Ruth said that a family cookbook made with our cookbook software makes a great Christmas gift because it is a gift that is:
1. From the Heart
5. A Lasting Keepsake
6. Easy to Do
8. Under Your Own Control
11. Green (conserves gas and gift shopping time)
12. Printable at the last minute for unexpected guests
While I was thinking in terms of dollars and cents as usual, Ruth (always the more sensitive one) hit on the real importance of creating a family cookbook — the love of preserving a family’s food traditions and history.
Then our thoughts dissolved to the less fortunate, whose families may not be so lucky to have any food to write recipes about, or shelter with kitchens to warm them. We decided to do without our shopping day lunches and donate the amount we would spend on them to the local food bank. We also resolved to give an extra child’s gift to our local community toy collection drive.
Hmm, I wonder if the local soup kitchen could use a fundraising cookbook? There is still time to make one!
When the really cold weather hits at this time of year, do you know what my favorite comfort food is? Not the soups and stews of my family recipe books, but the flavorful warmth of curried dishes from India!
Indian food is one of the great cuisines of the world and I find its delectable combinations of spices compelling.
Despite what you may think, Indian curry recipes are not necessarily hot. Hot food to me is just painful without flavor, so I’m always cautious about ordering in Indian restaurants. I ask the cooks to make my dishes “tourist grade,” so I can eat them. The cooks are most happy to accommodate as they are amazed at my enthusiasm.
I’ll tell you a little story that was a little embarrassing, but was educational for me at the time:Continue reading
Thanksgiving should be a time of togetherness and good feeling. A time of sharing family recipes. The last thing you want for your holiday is an emergency trip to the veterinary hospital. Unfortunately, there are a number of dangers in the areas where you prepare and eat your food that could cause just such a scenario.
Here’s a few simple ways to avoid potential pitfalls:
- Keep your pets out of the kitchen. Counter-surfing (where your pet sneaks a lick of your worktop) can result in severe poisoning to your pet.
- Don’t let friends and family feed your pets. Make sure your guests know the house rules. Politely inform all your guests to keep their food out of reach and to ask permission before feeding any treats. Your pet may have food allergies they may not be aware of.
- Dump the trash. Somehow your dog or cat will find a way to get into it, and leftover corn-on-the-cob, yummy string that goes around the turkey legs, turkey skin, bones, moldy food, and fatty grizzle all pose a threat to your pet.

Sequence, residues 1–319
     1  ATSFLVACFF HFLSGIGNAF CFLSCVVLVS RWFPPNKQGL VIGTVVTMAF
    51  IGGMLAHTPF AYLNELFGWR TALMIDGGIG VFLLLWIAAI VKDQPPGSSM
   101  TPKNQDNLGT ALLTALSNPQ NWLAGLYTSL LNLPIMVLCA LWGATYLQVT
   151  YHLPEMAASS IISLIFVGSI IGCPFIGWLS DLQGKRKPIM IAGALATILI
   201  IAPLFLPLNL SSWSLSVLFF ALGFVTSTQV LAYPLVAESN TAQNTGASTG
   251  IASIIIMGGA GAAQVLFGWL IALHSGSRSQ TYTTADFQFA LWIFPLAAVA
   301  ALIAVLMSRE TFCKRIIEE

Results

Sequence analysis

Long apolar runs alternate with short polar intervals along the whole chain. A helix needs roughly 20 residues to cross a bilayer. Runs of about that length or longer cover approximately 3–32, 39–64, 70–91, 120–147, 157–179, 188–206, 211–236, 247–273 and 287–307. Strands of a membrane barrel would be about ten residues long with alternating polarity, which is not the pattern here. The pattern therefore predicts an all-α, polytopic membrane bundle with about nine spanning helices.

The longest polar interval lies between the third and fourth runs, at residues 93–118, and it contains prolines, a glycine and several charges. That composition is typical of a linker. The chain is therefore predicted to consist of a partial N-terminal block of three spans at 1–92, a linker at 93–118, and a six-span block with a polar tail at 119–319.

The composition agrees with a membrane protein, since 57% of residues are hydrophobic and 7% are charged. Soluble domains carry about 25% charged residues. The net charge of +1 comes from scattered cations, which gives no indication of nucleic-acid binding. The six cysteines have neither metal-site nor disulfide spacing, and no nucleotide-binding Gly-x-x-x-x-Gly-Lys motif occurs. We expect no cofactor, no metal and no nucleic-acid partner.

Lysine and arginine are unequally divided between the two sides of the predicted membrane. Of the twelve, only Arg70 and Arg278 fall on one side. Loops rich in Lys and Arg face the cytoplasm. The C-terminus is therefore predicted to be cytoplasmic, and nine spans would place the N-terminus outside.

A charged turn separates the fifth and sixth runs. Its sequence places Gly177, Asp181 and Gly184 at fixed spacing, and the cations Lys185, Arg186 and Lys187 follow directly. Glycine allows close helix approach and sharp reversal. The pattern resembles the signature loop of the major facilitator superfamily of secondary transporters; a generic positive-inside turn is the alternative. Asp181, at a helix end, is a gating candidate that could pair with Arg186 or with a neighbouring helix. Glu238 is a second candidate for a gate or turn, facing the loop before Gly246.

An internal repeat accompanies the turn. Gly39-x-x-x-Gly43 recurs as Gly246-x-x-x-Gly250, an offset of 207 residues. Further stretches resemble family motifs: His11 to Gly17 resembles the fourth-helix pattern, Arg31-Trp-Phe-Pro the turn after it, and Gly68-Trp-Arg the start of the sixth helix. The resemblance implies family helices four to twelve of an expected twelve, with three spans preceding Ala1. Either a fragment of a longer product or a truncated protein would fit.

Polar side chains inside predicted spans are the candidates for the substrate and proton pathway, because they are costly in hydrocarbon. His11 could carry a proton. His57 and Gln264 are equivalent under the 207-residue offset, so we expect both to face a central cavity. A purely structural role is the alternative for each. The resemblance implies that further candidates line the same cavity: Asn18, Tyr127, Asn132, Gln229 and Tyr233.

Certain Thanksgiving foods pose a particular hazard for your pets. The top 7 most dangerous Thanksgiving foods are:
- Grapes and raisins
- Xylitol (a naturally occurring alcohol found in most plant material, including many fruits and vegetables. It is widely used as a sugar substitute and in “sugar-free” chewing gums, mints, and other candies.)
- Fatty table scraps
- Bones and turkey legs
- Onions, leeks, chives and garlic
- Unbaked yeast bread dough
Make sure you take these few simple precautions and avoid spending your Thanksgiving in the vet’s waiting room!
This Halloween, arm yourself against vampires with my good garlic mashed potatoes!
My friend, Ruth, and I used to be so confused about how to cook in a convection oven. After all, we both grew up in areas where wood-burning stoves were common. So having an oven that blows hot air around was quite a breakthrough in cooking for us!Continue reading
October – Family History Month. But how great it would be to have a Family Cookbook Month instead!
With football season coming on strong, including the return of Monday Night Football and tailgating parties, it’s time to start stocking up on those game-watching essentials: beer, popcorn, and beef jerky. Continue reading
Making a fundraising cookbook is an unusual and effective way to encourage donations for your project.
Gone are the days when people donated just to donate. They now want some form of tangible return. What better form of return to offer than creating a fundraising cookbook to sell. Continue reading
Why not make a custom family cookbook using cookbook software as a great vacation souvenir? It’s a unique memento for every family member!Continue reading
Hard to believe that we are nearly into the Labor Day holiday! The calendar pages for 2009 are flipping so fast that it seems like we are all in cartoon. If you plan to have a few friends and family members over for a Labor Day BBQ, why not make it a labor-less Labor Day BBQ? After years of hosting labor-intensive parties, I got smarter, so here are my 10 tips for a labor-less Labor Day BBQ: